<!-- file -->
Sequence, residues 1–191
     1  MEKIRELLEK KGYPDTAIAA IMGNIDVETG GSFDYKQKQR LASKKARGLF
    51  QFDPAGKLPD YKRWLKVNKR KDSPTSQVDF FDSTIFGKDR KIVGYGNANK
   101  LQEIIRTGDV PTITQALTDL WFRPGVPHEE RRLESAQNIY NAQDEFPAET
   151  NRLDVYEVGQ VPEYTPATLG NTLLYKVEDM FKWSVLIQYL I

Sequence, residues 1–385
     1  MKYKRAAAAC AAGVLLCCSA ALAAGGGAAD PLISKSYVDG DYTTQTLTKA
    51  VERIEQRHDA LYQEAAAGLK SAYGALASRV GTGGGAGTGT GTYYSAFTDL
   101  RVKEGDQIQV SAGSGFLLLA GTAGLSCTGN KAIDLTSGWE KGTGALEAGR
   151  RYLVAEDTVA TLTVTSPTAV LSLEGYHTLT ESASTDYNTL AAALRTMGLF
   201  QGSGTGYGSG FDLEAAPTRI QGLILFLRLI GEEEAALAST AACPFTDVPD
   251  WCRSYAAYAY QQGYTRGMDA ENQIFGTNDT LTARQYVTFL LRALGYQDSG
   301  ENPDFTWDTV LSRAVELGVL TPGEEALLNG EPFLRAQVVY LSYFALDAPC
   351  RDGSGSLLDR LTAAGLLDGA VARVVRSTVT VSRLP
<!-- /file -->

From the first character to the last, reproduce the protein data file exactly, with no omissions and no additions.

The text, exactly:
Sequence, residues 1–191
     1  MEKIRELLEK KGYPDTAIAA IMGNIDVETG GSFDYKQKQR LASKKARGLF
    51  QFDPAGKLPD YKRWLKVNKR KDSPTSQVDF FDSTIFGKDR KIVGYGNANK
   101  LQEIIRTGDV PTITQALTDL WFRPGVPHEE RRLESAQNIY NAQDEFPAET
   151  NRLDVYEVGQ VPEYTPATLG NTLLYKVEDM FKWSVLIQYL I

Sequence, residues 1–385
     1  MKYKRAAAAC AAGVLLCCSA ALAAGGGAAD PLISKSYVDG DYTTQTLTKA
    51  VERIEQRHDA LYQEAAAGLK SAYGALASRV GTGGGAGTGT GTYYSAFTDL
   101  RVKEGDQIQV SAGSGFLLLA GTAGLSCTGN KAIDLTSGWE KGTGALEAGR
   151  RYLVAEDTVA TLTVTSPTAV LSLEGYHTLT ESASTDYNTL AAALRTMGLF
   201  QGSGTGYGSG FDLEAAPTRI QGLILFLRLI GEEEAALAST AACPFTDVPD
   251  WCRSYAAYAY QQGYTRGMDA ENQIFGTNDT LTARQYVTFL LRALGYQDSG
   301  ENPDFTWDTV LSRAVELGVL TPGEEALLNG EPFLRAQVVY LSYFALDAPC
   351  RDGSGSLLDR LTAAGLLDGA VARVVRSTVT VSRLP